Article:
Without indulging in polemics or pushing a partisan political agenda, the author simply investigates the question of whether we can really trust the traditional Islamic accounts for the life of Muhammad and the supposed early days of Islam during the Arab conquests.
To be sure, serious scholarship on Islamic historiography dates back to the latter half of the 19th century — with the works of the Belgian Jesuit Henri Lammens and the acclaimed Geschichte des Qorans by Theodor Noldeke, to name just two pioneers of the field — and Spencer makes no pretense to originality.
Yet a traditional problem with Islamic historiography has been the intended audience: that is, the academic specialist assumed to have extensive background knowledge, rather than the general reader. Thus, Spencer’s book serves a useful purpose, for it flows nicely while providing the reader with a firm grounding for delving deeper into the subject. Indeed, the author provides a handy “Further Reading List” (pp. 239-40) for anyone interested in consulting specialist works. Spencer also deserves credit for integrating his sources nicely into his writing, avoiding the practice of simply quoting verbatim large chunks from other authors.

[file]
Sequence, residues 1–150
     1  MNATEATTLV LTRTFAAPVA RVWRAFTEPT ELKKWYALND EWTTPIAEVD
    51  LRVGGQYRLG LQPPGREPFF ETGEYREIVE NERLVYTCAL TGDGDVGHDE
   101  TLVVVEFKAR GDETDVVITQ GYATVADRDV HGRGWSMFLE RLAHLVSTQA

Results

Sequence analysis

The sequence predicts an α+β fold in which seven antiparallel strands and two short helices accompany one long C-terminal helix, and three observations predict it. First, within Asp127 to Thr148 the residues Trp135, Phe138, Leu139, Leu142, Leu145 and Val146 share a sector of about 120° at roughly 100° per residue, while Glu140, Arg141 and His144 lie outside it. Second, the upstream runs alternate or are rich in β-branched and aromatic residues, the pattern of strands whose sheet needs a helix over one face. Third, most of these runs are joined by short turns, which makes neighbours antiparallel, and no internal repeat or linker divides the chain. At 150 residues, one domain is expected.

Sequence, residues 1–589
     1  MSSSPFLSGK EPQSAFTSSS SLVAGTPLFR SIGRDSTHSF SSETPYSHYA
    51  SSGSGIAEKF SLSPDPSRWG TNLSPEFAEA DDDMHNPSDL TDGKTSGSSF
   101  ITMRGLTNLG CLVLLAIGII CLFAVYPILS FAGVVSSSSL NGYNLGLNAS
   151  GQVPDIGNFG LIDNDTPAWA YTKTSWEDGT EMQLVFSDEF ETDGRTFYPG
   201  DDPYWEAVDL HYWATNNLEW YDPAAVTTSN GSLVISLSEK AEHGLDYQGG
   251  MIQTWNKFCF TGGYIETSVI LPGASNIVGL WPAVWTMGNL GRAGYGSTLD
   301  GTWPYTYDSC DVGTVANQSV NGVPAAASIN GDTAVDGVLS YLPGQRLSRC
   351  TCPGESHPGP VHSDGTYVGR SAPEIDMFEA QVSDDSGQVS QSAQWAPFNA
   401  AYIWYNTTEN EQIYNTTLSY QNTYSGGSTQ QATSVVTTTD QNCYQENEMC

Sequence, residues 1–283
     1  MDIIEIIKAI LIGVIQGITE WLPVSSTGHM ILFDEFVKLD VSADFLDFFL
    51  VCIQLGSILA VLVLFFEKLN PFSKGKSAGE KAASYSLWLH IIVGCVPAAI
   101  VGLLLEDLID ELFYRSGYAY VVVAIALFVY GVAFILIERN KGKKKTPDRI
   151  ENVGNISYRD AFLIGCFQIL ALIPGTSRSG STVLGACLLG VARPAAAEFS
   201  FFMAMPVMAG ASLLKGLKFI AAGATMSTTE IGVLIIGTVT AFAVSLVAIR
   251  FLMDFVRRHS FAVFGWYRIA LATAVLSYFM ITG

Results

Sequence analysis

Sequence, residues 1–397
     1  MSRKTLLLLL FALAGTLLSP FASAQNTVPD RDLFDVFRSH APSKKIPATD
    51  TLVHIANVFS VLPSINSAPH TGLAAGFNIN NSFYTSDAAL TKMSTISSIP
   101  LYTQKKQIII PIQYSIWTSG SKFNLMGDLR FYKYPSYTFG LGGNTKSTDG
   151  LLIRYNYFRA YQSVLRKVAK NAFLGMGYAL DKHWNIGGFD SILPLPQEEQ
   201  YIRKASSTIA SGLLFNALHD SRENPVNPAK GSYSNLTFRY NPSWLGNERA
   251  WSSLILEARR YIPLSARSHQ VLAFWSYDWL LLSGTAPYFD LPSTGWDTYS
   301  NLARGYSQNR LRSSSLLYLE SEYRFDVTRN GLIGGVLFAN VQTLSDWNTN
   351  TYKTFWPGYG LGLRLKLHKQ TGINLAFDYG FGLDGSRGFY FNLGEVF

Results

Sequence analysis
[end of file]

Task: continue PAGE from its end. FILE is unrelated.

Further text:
SO WHAT ARE THE MAIN arguments against the historicity of the traditional Islamic accounts of Muhammad’s life and the subsequent rise of Islam through the Arab conquests?
this article is a review of the book:
Did Muhammad Exist? An Inquiry into Islam’s Obscure Origins By Robert Spencer
(ISI Books, 254 pages, $27.95)